After Inflectra’s approval, challenges remain for biosimilars



Now that the Food and Drug Administration has approved Inflectra as the first biosimilar version of the anti–tumor necrosis factor-alpha agent Remicade, rheumatologists and patient advocacy groups are taking stock of how it may be used in practice, and what the future holds for biosimilar drugs, with so many questions still unanswered regarding price, substitution, and safety.

Dr. Jonathan Krant Joseph Riccio/Adirondack Health

Dr. Jonathan Krant

Inflectra, approved in early April and given the generic name of infliximab-dyyb under the FDA’s nomenclature for biosimilar products, will have the same indications as Remicade. The agency extrapolated the clinical trial data that Inflectra’s South Korea–based manufacturer, Celltrion, submitted for rheumatoid arthritis and ankylosing spondylitis to all other indications for which Remicade is approved.

It’s currently unclear how the FDA will note which clinical data in Inflectra’s labeling come from Inflectra and which from Remicade, and the same concerns lie with future biosimilar approvals if their results are extrapolated to indications not tested to show biosimilarity in clinical trials.

Labeling questions

It’s concerning to rheumatologists and the patients who will be using them that biosimilars such as Inflectra are not subject to the same pivotal trial experience as the reference biologics on which they are based, according to Dr. Jonathan Krant, section chief of rheumatology for Adirondack Health Systems in Saranac Lake, N.Y., and medical director for CreakyJoints, a community of patients with arthritis and caregivers, and its larger parent nonprofit advocacy organization, the Global Healthy Living Foundation (GHLF).

While the unique regulatory requirements in the biosimilar approval pathway reduce development costs and could potentially make Inflectra’s average wholesale price 30% less than Remicade – as was the case when Inflectra was first on the market in Europe – it’s not known how reduced costs may affect the safety of biosimilars.

“It worries all of us that manufacturers may cut corners to manage the cost constraints imposed by managed care,” Dr. Krant said in an interview.

Given that U.S. rheumatologists don’t have experience with biosimilars, Dr. Krant is anticipating some push back. “I think some physicians are going to fight back and won’t want to prescribe them, even if mandated, because of concerns regarding patient safety,” he said.

In a written statement, Dr. Joan Von Feldt, president of the American College of Rheumatology, welcomed the potential benefits on access to care that cost-saving biosimilars may bring to the U.S. health care system, but also said that “the safety of our patients remains our highest priority. As such, we encourage the FDA to continue to apply distinct names for future biosimilars, and to maximize clarity in the labeling of biosimilars, specifically with respect to their interchangeable status and the origins (reference drug versus biosimilar) of clinical data upon which FDA approval is based.”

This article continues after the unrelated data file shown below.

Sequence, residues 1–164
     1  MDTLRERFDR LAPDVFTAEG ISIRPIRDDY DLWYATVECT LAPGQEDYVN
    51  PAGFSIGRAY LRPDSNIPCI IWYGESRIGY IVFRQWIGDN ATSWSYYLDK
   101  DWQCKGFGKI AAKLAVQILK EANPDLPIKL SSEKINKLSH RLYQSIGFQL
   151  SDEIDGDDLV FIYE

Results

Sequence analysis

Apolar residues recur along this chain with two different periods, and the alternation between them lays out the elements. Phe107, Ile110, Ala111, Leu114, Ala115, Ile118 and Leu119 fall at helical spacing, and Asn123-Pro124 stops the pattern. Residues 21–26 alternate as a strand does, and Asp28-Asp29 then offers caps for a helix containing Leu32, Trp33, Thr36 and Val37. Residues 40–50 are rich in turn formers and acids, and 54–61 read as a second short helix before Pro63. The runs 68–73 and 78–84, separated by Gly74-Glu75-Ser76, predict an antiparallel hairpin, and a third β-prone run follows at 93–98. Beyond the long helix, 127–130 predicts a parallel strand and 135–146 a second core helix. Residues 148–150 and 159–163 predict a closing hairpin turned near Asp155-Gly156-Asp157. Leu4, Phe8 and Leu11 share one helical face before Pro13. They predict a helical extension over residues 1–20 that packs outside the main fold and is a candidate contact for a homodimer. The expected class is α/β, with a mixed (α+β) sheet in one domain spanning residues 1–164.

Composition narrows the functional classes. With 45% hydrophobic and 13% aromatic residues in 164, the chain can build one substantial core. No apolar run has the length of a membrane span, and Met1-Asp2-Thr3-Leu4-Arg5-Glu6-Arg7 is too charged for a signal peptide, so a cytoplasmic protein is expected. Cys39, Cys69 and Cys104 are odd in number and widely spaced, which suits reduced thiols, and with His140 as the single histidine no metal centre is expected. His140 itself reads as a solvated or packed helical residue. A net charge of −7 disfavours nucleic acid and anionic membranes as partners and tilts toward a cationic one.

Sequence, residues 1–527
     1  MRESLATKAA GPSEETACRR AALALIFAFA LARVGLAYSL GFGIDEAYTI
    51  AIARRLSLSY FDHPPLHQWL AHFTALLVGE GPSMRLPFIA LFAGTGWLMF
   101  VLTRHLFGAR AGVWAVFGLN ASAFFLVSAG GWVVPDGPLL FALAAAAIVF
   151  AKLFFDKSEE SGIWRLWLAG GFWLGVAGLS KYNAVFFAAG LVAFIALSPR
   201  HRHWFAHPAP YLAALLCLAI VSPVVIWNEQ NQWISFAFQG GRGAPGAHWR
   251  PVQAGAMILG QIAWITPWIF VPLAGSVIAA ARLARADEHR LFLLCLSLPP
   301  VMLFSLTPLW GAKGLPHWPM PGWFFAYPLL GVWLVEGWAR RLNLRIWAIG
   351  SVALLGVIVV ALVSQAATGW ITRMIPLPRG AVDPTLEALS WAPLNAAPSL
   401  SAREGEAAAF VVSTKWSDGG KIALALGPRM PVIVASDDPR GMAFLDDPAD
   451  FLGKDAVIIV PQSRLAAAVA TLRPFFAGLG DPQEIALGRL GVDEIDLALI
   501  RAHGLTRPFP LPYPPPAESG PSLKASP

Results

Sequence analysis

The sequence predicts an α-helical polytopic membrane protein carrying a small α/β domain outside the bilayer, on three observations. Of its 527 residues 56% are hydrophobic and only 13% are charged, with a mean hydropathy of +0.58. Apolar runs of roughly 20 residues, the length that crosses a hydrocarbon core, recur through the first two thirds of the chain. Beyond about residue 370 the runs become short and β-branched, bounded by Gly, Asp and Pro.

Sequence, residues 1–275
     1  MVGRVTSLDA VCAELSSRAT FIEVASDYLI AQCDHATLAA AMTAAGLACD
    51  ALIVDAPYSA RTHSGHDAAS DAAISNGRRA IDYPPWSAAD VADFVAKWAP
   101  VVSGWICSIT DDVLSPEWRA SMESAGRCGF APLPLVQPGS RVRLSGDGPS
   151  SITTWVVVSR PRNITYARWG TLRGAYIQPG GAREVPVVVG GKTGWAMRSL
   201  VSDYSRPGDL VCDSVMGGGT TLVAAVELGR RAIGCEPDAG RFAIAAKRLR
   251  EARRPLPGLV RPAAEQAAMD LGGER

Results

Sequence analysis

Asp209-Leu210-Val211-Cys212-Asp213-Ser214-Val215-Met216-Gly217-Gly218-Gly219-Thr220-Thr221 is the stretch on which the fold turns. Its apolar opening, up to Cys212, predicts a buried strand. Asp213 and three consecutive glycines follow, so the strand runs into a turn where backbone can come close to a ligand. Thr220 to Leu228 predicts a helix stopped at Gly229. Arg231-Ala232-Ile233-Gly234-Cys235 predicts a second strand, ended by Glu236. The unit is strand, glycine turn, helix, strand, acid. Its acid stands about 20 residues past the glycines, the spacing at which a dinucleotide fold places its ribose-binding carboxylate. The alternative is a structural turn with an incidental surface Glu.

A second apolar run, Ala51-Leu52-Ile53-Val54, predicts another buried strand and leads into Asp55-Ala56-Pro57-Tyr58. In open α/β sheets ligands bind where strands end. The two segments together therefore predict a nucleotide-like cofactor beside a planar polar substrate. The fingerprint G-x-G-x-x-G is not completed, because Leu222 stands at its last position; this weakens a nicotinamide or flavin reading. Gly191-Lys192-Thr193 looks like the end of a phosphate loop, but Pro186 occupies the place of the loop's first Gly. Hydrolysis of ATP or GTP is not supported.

Inflectra met the FDA’s “very similar” criteria to be approved as a biosimilar by showing it has no clinically meaningful differences in terms of safety and effectiveness from Remicade, the agency said. According to FDA regulations, biosimilar products can have only minor differences in clinically inactive components and must have the same mechanism(s) of action (to the extent that it is known) and route(s) of administration, dosage form(s), and strength(s) as the reference product and can be approved only for the indication(s) and condition(s) of use that have been approved for the reference product.

However, it may not hold true that Inflectra will have the same efficacy and safety for all indications that Remicade had due to potential differences in the mechanism of action through which Remicade exerts its effect across indications, which in this case may apply to the indications for Crohn’s disease and ulcerative colitis.

Health Canada chose not to extrapolate the indications for Inflectra (known as Remsima in Canada) to Crohn’s disease and ulcerative colitis because of “observed differences in the level of afucosylation, Fc-gammaRIIIa receptor binding, and some in vitro antibody-dependent cell-mediated cytotoxicity (ADCC) assays” that could not rule out the possibility that Inflectra and Remicade differ in their ability to induce ADCC. Unlike the other indications for Remicade, Health Canada said “ADCC cannot be ruled out as a mechanism of action in the inflammatory bowel diseases. This position is supported by the observation that certolizumab pegol, another anti-TNF [anti–tumor necrosis factor] that lacks the ability to induce ADCC, displays only marginal efficacy in Crohn’s patients, compared with other anti-TNFs, namely infliximab.”

Other organizations suggest that extrapolation of indications is only appropriate when it is benefiting the patient to the greatest extent possible.

Stephen Marmaras

Stephen Marmaras

“GHLF is okay with extrapolation of indication unless the mechanism of action for the therapy is either scientifically or therapeutically outdated,” Stephen Marmaras, state and national advocacy manager for the GHLF, said in an interview. “Patients are okay with extrapolating data in order to expedite the approval process as long as you are extrapolating to best in class therapy for a particular indication. What [the GHLF is] saying is we want biosimilars to be an improvement on what we have, not the lowest common denominator. We shouldn’t be extrapolating indications data from products that aren’t considered to be the best product for that indication.”


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